The Southwestern Historical Quarterly, Volume 62, July 1958 - April, 1959 Page: 532
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Southwestern Historical Quarterly
there is abundant, not only the buffalo, bear, and deer, but gen-
erally of all other animals. The river affords very good fish, and
although the waters were very, very low, there was still a stream
of two or three feet of depth remaining.
These nations raise very beautiful horses, they prize them
highly, being able to do without them for neither war nor for
the chase; they have saddles and bridles which are very well made,
and carry even breast plates of leather for protection from the
arrow; their huts are elevated, the majority built of straw and
reed grass, coated with earth, forming a dome; above their door-
way, every tribal chief has his arms painted on a piece of round
hide; some represent the sun, the moon, or the stars, or others
The chief of the Touacaras nation is the most respected of all
these nations. When they bring him food to eat, he takes a part
of it, and gives the rest to his noblemen; their dishes are made of
reeds, but so well worked that the water does not penetrate them.
Although the other chiefs have their women, that one has not one
woman in trust; when he wishes to retire with some maidens, he
sends word to them to appear and they do not fail to come; but
they withdraw to their houses at the break of day without mak-
ing themselves known.
These savages are men of good sense, more intelligent than the
tribes of the Mississippi; but the fertility of their country renders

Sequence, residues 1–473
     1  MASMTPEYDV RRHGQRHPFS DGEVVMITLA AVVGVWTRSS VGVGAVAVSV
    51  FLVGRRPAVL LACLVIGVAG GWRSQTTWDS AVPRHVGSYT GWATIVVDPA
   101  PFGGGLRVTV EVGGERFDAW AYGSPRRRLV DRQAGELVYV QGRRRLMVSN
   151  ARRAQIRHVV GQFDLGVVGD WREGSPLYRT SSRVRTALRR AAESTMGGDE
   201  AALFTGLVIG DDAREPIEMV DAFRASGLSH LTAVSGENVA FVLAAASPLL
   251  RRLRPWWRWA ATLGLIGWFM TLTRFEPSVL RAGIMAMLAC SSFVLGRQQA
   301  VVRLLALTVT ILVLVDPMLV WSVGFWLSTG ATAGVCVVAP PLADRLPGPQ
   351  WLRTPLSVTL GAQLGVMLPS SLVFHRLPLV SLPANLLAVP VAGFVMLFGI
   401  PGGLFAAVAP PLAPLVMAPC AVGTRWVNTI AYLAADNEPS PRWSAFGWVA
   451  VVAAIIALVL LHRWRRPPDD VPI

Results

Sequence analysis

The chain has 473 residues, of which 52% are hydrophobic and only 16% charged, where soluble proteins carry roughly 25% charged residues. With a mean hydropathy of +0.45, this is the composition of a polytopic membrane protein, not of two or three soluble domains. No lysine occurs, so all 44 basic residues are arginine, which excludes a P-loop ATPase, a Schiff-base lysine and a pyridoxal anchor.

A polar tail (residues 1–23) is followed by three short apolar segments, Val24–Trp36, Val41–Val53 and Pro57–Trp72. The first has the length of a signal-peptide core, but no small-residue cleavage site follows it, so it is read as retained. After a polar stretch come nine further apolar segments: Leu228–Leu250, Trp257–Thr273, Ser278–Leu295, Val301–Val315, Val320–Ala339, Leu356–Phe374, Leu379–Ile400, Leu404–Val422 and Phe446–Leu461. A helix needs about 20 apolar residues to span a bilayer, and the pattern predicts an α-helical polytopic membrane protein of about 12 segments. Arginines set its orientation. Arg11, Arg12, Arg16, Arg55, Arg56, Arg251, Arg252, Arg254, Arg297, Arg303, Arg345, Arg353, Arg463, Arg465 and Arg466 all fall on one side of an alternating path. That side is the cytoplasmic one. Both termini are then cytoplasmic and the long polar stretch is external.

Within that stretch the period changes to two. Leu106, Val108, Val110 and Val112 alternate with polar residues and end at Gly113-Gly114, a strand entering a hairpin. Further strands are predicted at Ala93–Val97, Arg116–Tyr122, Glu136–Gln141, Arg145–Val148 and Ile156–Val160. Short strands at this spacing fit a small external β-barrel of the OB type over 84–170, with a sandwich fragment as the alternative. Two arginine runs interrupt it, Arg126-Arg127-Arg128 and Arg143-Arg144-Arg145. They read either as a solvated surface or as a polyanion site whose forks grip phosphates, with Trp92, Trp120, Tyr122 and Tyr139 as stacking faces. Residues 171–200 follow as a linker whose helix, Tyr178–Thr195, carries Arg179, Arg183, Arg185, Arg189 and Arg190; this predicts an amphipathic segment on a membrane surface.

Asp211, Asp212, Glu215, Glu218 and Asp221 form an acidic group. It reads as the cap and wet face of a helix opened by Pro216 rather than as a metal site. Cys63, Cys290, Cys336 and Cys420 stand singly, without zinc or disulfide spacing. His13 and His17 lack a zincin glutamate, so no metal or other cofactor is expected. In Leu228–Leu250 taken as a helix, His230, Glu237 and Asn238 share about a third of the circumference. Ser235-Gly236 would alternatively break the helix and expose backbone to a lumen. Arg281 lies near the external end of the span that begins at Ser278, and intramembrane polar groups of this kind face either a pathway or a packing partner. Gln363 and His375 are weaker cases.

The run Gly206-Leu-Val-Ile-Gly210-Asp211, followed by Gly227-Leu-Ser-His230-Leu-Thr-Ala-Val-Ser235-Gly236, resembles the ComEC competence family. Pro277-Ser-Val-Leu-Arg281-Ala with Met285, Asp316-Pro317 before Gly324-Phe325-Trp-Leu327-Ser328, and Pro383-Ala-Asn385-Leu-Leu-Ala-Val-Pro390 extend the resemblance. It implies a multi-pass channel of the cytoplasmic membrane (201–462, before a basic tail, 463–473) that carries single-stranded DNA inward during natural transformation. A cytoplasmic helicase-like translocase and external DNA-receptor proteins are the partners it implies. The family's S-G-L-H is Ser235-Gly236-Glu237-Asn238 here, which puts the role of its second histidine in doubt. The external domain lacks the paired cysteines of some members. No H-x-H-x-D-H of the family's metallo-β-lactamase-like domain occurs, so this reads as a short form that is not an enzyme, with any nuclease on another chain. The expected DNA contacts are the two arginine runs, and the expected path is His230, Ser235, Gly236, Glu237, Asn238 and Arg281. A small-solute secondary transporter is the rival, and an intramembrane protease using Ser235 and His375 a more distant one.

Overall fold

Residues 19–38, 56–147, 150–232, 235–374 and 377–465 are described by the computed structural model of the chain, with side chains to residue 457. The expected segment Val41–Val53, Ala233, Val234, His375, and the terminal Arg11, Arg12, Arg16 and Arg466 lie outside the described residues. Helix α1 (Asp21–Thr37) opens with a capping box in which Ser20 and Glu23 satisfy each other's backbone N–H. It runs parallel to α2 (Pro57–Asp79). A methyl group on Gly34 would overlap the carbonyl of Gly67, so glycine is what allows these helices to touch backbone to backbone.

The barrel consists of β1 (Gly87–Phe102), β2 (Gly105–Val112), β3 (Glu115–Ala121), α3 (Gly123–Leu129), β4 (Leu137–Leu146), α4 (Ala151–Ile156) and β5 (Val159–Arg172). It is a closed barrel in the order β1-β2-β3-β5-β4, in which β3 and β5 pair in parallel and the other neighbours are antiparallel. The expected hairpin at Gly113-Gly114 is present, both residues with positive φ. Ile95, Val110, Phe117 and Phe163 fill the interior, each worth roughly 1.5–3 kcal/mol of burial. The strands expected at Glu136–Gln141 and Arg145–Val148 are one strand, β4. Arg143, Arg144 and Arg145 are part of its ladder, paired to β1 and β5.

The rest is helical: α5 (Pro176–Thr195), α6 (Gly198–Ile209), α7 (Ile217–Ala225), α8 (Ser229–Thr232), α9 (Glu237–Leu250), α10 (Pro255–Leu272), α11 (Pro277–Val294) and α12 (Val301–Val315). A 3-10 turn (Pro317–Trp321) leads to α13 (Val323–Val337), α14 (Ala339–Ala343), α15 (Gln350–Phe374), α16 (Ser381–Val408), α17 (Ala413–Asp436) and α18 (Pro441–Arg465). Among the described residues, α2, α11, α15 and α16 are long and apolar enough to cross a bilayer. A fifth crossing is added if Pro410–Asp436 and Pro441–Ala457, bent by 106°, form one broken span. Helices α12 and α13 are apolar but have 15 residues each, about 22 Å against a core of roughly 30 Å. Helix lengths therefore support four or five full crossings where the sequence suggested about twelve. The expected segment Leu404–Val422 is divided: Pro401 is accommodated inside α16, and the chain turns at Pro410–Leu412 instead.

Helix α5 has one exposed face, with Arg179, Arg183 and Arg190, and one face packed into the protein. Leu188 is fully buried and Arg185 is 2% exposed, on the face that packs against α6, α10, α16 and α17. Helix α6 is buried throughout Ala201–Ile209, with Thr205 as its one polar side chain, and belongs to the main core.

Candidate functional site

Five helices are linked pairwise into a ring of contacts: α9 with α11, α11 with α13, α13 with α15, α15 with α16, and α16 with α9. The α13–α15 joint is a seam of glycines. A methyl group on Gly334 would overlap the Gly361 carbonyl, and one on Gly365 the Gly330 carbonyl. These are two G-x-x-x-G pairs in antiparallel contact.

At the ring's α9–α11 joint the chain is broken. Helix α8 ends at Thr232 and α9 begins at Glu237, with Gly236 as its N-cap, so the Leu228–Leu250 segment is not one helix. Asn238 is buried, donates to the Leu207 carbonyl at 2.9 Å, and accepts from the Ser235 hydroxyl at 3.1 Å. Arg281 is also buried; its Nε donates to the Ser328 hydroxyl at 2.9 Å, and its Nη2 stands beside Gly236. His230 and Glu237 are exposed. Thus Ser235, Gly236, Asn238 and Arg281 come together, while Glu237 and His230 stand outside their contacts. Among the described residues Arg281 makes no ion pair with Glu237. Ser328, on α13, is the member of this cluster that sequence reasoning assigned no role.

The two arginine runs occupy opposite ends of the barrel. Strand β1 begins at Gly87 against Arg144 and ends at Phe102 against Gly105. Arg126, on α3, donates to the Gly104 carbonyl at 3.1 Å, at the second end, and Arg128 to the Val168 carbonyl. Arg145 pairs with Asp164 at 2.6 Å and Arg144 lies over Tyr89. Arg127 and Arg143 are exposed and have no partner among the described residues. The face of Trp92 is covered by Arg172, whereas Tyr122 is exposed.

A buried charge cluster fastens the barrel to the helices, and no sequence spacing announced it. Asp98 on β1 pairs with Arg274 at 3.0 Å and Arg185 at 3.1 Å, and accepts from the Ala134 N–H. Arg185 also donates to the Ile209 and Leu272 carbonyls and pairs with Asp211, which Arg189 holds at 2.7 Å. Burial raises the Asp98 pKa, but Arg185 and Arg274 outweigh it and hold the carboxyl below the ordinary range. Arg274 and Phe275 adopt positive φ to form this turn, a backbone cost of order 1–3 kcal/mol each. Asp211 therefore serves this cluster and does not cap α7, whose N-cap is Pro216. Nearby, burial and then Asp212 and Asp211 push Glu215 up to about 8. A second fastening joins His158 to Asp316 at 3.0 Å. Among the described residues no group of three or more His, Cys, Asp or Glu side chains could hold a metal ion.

them slothful; they are nearly always seated around their chiefs,
and they think ordinarily only of eating, smoking, and playing;
they are besides libertines, but generous in their loves, giving to
their mistresses all that they have. The women there are rather
fair; they have nothing to be found fault with except their olive
color; they carry gallantry still further than the men. During our
sojourn at their villages, they did not cease to bring us dishes of
beans and corn, prepared with the marrow of buffalo and some
smoked meat; they strived even to surpass one another at bring-
ing better foods. As we were unable to eat all that they brought to
between two rocks. Then it was mixed, probably, as was a custom among many
Western tribes, with one or more ingredients such as gum, sumac, bearberry,
leaves and roots of willows, manzanita leaves, Jamestown weed, touchwood, dog-
wood, or arrowwood, or with other woods, barks, leaves, twigs, or with certain
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Texas State Historical Association. The Southwestern Historical Quarterly, Volume 62, July 1958 - April, 1959, periodical, 1959; Austin, Texas. (texashistory.unt.edu/ark:/67531/metapth101173/m1/631/?rotate=270: accessed October 19, 2018), University of North Texas Libraries, The Portal to Texas History, texashistory.unt.edu; crediting Texas State Historical Association.